tified. However, a single mosaic trisomy 21 case with only 6% trisomic metaphases in the conventional cytogenetic analysis was identified by QF-PCR: mos47, XX, +21 [3]/46, XX [47]. The estimated level of trisomic genotype by QF-PCR was approximately 30%. This contradiction could be attributed to the fact that different cell types were used for both tests. While the conventional cytogenetic analysis of peripheral blood is based on PHA stimulated T-lymphocytes, for QF-PCR DNA from whole blood is used which contains all white blood cells with a high percentage of granulocytes. Our results therefore suggest that the percentage of trisomic cells was higher in the cell fractions others than the T-lymphocytes. FISH could not be performed for confirmation of the mosaic percentage due to the lack of native sample material suitable for testing by FISH.

In this study, maternal cell contamination could be detected in a single trisomy 21 sample. The original cytogenetic results reported one out of 17 cells counted as maternal: 47, XY, +21 [17]/46, XX [1] (~ 6% MCC). The estimated level of maternal genotype by QF-PCR was approximately 30%. The level of MCC was too high


Figure 2. (a) QF-PCR electrophoretogram of a partial trisomy 21 partial monosomy 18 case displays a trisomic diallelic pattern for D21S1411 (allele ratio: 2:1), whereas all other informative chromosome 21 and 18 markers are normal (allele ratio: 1:1); (b) QF-PCR electrophoretogram of a partial Monosomy 21 case. D21S1435, D21S11 and D21S1411 are uninformative.

to allow for detection of the fetal trisomy genotype by QF-PCR. The accurate percentage of MCC could not be clarified as the original sample material was not subjected to I-FISH assay.

QF-PCR was able to suggest rather than diagnose two unbalanced autosomal rearrangements affecting chromosomal segments harbouring one or more markers of the multiplex assay. In the three other cases, normal QFPCR assay patterns were obtained due to the location of the tested markers outside of the rearranged region. As the molecular assay is not designed to detect all chromosomal abnormalities, missing of such unbalanced chromosomal rearrangements was expected. One case with partial monosomy 18 partial trisomy 21 was of special note; the QF-PCR pattern was consistent with partial chromosome 21 imbalance evidenced by trisomic results for one chromosome 21 marker while all other markers were normal. As the same pattern could also be due to rare submicroscopic polymorphic duplications of the microsatellite, analysis of samples from both parents with the same microsatellite marker is mandatory in such cases in order to distinguish both possibilities. Submicroscopic polymorphic duplications of microsatellites are primarily inherited and have no clinical significance [6,10]. This would also provide a warning about the risk of reporting an autosomal trisomy detected with a single abnormal marker [10].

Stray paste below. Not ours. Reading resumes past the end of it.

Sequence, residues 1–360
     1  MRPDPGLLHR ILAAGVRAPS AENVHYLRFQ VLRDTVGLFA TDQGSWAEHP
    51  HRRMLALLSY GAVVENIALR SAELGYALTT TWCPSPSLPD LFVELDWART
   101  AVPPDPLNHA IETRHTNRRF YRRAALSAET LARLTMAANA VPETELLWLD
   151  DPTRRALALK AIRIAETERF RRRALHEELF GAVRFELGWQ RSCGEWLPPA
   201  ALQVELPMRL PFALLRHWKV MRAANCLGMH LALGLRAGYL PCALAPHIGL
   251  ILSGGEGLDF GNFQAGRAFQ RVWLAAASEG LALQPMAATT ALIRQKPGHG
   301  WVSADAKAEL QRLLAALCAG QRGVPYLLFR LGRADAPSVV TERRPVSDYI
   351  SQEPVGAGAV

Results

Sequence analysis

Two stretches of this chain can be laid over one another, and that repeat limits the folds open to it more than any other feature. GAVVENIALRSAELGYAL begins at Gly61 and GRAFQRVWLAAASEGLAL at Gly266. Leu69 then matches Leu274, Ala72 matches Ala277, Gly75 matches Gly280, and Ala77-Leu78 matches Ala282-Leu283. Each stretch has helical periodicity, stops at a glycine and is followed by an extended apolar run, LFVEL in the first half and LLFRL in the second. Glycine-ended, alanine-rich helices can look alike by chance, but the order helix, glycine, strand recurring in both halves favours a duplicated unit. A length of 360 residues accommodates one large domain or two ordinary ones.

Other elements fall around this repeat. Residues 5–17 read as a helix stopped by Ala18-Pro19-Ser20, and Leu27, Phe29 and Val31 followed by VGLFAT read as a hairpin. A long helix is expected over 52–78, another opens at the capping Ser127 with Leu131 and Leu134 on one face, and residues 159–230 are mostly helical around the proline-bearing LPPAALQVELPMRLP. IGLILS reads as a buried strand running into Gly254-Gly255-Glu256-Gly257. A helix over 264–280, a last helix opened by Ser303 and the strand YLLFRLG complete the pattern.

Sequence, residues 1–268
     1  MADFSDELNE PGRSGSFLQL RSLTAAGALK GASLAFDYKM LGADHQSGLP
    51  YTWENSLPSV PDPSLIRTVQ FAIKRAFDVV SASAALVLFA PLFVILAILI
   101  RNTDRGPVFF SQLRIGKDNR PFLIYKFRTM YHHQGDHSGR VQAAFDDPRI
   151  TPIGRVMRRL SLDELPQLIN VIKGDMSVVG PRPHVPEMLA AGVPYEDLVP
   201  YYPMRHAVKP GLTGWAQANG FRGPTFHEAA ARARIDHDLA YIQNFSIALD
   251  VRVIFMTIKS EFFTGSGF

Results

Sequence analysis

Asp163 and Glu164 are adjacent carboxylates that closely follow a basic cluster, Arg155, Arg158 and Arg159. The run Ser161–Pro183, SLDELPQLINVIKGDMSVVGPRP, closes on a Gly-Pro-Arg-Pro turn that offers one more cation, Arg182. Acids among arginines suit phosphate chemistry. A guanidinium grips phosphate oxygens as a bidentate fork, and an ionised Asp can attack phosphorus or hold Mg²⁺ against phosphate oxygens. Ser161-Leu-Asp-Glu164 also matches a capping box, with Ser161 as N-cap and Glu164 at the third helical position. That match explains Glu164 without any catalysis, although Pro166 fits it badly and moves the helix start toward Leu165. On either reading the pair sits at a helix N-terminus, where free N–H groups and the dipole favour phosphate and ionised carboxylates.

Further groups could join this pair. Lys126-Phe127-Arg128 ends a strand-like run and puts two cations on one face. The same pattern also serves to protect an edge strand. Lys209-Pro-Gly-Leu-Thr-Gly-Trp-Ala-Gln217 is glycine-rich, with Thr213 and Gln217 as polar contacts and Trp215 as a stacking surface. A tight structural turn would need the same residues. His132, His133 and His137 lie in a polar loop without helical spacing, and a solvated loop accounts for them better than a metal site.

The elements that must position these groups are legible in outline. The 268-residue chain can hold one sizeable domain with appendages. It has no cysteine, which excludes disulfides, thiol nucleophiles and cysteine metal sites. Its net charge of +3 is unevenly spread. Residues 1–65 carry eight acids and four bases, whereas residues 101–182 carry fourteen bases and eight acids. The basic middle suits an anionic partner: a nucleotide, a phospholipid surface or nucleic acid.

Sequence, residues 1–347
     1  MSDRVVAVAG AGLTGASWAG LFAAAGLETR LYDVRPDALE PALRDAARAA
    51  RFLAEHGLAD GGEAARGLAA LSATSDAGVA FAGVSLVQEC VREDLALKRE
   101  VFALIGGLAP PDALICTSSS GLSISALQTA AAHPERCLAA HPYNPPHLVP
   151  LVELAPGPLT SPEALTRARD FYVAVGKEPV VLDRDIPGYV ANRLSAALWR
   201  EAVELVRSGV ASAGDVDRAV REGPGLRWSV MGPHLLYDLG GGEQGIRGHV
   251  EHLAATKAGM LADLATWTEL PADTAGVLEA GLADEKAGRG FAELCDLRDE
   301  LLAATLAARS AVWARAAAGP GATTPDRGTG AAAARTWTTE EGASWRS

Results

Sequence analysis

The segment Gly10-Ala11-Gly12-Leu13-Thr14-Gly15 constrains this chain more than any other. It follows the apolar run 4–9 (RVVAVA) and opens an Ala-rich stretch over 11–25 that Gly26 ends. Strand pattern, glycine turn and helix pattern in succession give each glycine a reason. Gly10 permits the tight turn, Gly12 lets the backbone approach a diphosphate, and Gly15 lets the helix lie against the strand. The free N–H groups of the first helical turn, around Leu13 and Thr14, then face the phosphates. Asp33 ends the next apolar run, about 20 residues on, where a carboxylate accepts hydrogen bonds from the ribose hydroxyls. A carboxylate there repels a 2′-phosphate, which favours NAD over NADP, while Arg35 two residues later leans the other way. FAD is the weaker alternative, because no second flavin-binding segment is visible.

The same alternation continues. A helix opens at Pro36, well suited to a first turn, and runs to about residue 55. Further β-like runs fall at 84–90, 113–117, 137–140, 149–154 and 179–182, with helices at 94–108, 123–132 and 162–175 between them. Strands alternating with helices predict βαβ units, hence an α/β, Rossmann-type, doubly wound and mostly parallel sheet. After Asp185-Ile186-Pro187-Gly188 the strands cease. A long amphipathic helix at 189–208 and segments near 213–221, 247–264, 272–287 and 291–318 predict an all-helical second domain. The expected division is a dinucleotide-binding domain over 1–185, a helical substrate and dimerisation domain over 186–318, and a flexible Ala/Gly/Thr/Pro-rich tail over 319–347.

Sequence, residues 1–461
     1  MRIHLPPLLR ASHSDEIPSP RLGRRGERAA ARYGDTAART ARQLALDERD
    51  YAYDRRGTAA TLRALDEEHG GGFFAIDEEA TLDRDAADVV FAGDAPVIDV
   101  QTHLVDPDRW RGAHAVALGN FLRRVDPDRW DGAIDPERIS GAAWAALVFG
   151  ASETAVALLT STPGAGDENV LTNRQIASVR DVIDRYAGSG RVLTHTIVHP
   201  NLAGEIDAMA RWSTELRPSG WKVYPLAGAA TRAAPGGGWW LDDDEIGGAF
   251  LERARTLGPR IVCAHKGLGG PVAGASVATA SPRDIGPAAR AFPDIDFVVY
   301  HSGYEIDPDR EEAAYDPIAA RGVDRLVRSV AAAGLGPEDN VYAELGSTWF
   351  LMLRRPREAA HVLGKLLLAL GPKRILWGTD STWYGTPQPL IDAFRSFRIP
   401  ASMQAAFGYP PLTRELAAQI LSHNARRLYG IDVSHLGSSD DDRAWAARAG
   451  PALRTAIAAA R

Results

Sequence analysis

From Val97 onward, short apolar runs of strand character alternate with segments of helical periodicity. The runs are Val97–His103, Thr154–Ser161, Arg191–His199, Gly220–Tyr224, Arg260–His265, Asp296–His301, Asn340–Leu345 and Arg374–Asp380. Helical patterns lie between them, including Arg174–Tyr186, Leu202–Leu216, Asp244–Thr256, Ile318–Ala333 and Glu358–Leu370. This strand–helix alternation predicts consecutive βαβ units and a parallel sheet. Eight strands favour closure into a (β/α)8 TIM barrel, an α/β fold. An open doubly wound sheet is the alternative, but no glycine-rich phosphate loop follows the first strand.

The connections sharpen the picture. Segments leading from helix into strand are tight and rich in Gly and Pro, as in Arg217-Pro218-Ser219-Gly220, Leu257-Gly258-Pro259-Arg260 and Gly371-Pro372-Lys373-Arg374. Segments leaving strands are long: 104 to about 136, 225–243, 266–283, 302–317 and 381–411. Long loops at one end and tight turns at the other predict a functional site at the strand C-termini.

Our amplification failure rate was zero percent in QFPCR on DNA extracted from cell cultures. The multiplex PCR showed consistent results with the initial DNA amount of 100 - 200 ng/reaction. Our DNA extraction method was able to produce an adequate amount of genomic DNA even with low cellular concentration. Apart from the postnatal heparinised whole blood samples, the quality of DNA was suitable for an efficient multiplex PCR. Postnatal heparinised whole blood samples failed to amplify upon initial experimentation. This could be explained by the inhibitory effect of residual heparin on multiplex PCR. Following re-extraction using an automated method, all samples demonstrated successful multiplex PCR results. Lower concentrations of DNA could also be tested, provided that the amount of sample loaded for sequencing was modified accordingly. QF-PCR is reported to generally have a low amplification failure rate [6, 10]. The QF-PCR method showed excellent reproducibility. A normal control sample was consistently analysed with each run, with no remarkable inter-run variation in peak area, size or allele ratios. Testing different sample types for the same case (fetal blood vs. amniotic fluid; CVS vs. amniotic fluid) demonstrated consistent results which were almost identical in all parameters; peak size, peak area and allele ratios.

QF-PCR demonstrated great efficiency. QF-PCR correctly identified all the non-mosaic numerical abnormalities related to chromosomes 13, 18 and 21, i.e. 100% sensitivity. QF-PCR showed 100% specificity. QF-PCR was able to identify mosaics with 23% trisomic cells or more. QF-PCR was able to identify MCC. As QF-PCR is primarily designed to detect selected chromosomal disorders, it is at risk of missing unbalanced chromosomal rearrangements for which they are not designed.


This work was done in the context of a DAAD-German Egyptian Research Long-Term Schoolarship (GERLS).

Conflicts of Interest

The authors declare no conflicts of interest.